In this paper, the NSVM is introduced for the automatic classification of wireless signals based on their modulation formats by combining Convolutional Neural Networks and the Support Vector Machine. The architecture of NSVM is shown in Figure 4. As it can be seen from Figure 4, the softmax layer of the Convolutional Neural Networks is replaced by the Support Vector Machine. The Support Vector Machine takes the entire feature layer as input and outputs the label of the input sample. The output expression can be written as:
f ( x ) = i = 1 l ( α i * α ) K ( φ ( x i | θ ) , φ ( x | θ ) ) + b
where K ( . , . ) is the kernel function of the Support Vector Machine.
To find a suitable f , the system must find a representation of the input data in z that codes the feature most relevant for estimating the desired output. The training samples x i is replaced by the feature vector φ ( x i | θ ) . The primal problem of SVM can be written as:
P 1 :                     min w ,   b ,     ξ   1 2 w 2 + C i = 1 n ξ i s . t .                 y i ( w T . φ ( x i | θ ) + b )   1   ξ i ξ i 0 ,   i = 1 ,   ,   n
Corresponding to the dual problem formulates as:
D 1 :   min θ   a r g   max α i   0 i = 1   M α i   1 2 i = 1 M j = 1 M α i α j y i y j φ T ( x i | θ ) ,   φ ( x j | θ ) = min θ   a r g   max α i   0 i = 1   M α i   1 2 i = 1 M j = 1 M α i α j y i y j K ( x i | θ ,   x j | θ )     s . t   0 α i C   i ,   i = 1 M α i y i = 0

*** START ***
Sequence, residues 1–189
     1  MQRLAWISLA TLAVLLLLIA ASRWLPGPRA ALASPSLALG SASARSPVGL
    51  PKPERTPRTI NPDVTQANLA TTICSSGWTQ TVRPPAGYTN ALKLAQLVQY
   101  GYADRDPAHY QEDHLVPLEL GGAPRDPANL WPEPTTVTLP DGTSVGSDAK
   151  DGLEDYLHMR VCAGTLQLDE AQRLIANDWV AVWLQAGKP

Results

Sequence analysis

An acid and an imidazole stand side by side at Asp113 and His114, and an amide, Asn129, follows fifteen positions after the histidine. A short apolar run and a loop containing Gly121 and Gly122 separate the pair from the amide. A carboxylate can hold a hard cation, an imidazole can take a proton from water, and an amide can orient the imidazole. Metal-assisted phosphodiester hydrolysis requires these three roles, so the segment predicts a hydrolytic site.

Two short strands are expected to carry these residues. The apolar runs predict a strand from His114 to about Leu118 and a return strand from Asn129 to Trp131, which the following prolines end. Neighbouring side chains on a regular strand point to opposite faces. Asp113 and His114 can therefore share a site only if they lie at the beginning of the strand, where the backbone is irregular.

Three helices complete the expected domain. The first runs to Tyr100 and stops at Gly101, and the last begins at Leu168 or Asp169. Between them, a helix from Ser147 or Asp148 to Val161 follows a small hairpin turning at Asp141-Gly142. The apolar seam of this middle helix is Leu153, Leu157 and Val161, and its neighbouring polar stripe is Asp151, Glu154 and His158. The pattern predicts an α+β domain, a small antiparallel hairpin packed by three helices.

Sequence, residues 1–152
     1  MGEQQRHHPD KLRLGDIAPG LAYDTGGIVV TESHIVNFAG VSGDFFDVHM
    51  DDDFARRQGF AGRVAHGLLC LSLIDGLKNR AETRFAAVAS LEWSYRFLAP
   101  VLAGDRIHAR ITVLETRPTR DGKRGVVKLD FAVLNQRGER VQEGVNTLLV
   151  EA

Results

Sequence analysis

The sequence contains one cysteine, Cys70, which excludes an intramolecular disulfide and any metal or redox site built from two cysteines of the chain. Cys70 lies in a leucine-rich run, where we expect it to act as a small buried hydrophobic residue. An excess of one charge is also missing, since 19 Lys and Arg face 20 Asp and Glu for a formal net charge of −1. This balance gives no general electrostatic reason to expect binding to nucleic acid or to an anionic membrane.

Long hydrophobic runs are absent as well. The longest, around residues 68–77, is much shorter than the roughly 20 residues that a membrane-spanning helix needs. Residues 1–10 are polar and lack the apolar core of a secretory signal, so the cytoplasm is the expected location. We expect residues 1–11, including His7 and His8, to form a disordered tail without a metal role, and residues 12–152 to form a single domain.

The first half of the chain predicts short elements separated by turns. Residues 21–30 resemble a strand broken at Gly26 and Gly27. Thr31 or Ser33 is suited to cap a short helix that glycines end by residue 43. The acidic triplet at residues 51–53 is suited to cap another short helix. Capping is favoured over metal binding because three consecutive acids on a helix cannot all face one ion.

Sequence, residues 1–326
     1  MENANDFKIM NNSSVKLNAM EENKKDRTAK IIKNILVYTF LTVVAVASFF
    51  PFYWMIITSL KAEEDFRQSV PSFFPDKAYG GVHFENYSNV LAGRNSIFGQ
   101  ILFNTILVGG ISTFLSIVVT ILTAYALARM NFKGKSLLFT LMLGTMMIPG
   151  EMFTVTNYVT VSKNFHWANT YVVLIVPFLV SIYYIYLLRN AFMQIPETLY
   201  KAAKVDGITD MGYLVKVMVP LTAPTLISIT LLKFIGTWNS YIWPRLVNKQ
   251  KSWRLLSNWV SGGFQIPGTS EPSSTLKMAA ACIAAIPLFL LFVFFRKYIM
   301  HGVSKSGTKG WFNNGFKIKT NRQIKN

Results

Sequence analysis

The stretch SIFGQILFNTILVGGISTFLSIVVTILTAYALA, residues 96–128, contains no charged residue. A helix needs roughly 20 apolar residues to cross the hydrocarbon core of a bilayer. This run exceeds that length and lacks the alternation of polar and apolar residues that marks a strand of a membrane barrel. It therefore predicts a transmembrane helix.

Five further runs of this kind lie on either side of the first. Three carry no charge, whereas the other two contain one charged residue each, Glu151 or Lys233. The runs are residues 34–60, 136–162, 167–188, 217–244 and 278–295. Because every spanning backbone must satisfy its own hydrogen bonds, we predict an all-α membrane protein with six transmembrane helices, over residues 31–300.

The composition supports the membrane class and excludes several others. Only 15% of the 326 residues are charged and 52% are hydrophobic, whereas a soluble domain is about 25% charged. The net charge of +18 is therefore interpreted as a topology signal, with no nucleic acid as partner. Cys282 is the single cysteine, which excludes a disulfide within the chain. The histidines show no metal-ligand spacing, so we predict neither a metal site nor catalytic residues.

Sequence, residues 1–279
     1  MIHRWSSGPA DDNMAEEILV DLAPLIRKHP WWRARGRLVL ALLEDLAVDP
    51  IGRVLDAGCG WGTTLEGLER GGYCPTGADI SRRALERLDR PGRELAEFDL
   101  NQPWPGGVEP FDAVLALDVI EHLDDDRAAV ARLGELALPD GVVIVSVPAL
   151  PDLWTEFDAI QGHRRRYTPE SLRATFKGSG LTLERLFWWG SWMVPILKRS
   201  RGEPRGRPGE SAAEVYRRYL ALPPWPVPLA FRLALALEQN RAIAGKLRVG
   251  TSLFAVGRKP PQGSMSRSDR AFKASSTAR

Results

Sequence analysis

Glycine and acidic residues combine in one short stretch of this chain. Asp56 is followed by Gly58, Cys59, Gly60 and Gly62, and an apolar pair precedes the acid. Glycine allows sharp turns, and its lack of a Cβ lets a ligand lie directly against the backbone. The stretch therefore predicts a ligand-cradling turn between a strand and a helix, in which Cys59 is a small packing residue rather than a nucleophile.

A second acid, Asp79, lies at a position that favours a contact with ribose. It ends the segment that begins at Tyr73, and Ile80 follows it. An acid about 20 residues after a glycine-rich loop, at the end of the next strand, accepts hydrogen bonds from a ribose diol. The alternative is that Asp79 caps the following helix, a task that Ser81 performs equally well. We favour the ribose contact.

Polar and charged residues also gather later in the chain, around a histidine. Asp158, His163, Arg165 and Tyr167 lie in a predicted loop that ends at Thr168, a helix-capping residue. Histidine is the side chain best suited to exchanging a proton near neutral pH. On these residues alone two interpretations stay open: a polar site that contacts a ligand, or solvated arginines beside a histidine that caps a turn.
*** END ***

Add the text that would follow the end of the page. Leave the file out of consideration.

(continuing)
The two goals of training are to find α * that maximizes the above problem and also the weights θ of the neural network which minimizes Equation (24). This hybrid model is trained as single architecture rather than training them separately and then combining them offline for classification.

4. Simulation Results and Discussion

In this section, the performance of the proposed scheme is investigated against several non-ideal channel conditions such as frequency offset, phase offset, timing offset, varying symbol number as well as different Doppler shifts. An analytical comparison is also provided with previously proposed different learning-based modulation classifiers.

4.1. Dataset

In this paper, the following M = ( B P K S , 4 A S K , Q P S K , 16 Q A M , 64 Q A M ) modulation schemes were considered. The transmitted bit-stream was generated randomly to ensure each has equal probability. The received signal was pre-processed at the receiver end to obtain a complex based-band signal. The In-Phase-Quadrature (I-Q) samples of the received signal were sampled simultaneously to a frame of length N. They are combined later in a 2 X N matrix and input to CNN for feature extraction. In this study, the value of N is 2048 but some experiments are performed with N = 1024, 512. This is done by varying the number of symbols in the frame. A segment has the same results as that of a full observation. In this way, the proposed classifier would be independent of N. The range of AWGN noise with signal-to-noise ratio (SNR) = −8 dB to +8 dB in the dataset. For each modulation scheme and SNR values, 10,000 realizations of the received signal are generated according to the model described in Section 2. The rest of the parameters are summarized in Table 1 in detail.

4.2. Training and Validation Performance